Regarding Assumptions Made of Authenticated Encryption
Authenticated encryption (AE) is a cryptographic primitiveproviding message privacy and authenticity simultaneously. From a standard definition of AE, several natural assumptions may arise. (1) An observer of an encrypted message learns nothing about its origin. (2) If one attempts to decrypt a ciphertext using a different key (or any other decryption input) from what was used at encryption, then decryption should fail. One might conclude the former from promises of privacy and the latter from promises of authenticity.
We observe that the validity of those assumptions do notfollow from standard AE definitions of privacy and authenticity. For (1), when sending a ciphertext, there is typically other information sent along with it. This information, commonly referred to as metadata, can be message numbers that mark the message's position in a sequence or information that identifies the sender among other possibilities. For (2), it is possible to validly decrypt a ciphertext with the ``wrong'' arguments.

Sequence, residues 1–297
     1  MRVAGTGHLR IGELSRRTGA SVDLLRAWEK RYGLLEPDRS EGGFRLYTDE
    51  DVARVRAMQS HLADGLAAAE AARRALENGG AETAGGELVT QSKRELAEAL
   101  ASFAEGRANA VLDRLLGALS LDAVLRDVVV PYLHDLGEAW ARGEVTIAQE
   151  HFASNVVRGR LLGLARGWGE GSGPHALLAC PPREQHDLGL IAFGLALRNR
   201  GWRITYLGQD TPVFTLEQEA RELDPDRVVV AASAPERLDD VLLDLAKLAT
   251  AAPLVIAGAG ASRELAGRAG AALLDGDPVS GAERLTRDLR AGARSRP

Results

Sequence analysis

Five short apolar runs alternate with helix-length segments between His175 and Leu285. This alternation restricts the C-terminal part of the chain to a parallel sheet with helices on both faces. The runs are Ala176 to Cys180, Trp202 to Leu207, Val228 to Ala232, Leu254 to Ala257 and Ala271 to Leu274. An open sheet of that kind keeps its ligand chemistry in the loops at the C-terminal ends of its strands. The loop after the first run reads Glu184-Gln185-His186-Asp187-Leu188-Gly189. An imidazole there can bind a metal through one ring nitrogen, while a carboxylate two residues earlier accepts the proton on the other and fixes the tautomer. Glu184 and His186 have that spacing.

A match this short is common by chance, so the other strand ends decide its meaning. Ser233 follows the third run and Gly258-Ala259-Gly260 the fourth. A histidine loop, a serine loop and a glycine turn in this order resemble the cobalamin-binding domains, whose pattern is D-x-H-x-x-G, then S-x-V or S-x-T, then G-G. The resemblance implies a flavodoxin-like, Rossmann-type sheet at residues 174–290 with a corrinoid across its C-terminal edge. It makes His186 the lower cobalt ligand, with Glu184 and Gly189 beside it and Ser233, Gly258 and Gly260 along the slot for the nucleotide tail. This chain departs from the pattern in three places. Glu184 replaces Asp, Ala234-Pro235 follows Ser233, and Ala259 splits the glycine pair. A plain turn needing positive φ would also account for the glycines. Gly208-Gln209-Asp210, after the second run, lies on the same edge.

This dissertation's main contribution consists of definitions and constructions that address these assumptions. With respect to the first, it offers an AE variant, anonymous AE (anAE)---a primitive that folds all cryptographically relevant metadata directly into its ciphertexts. For the second, it furthers the study of committing AE (cAE)---a variant of AE that ensures that decryption of a ciphertext is only possible with the ``correct'' inputs. These two primitives provide security that users may have mistakenly assumed AE satisfied. Lastly, we give concrete constructions for these primitives along with their proofs of security.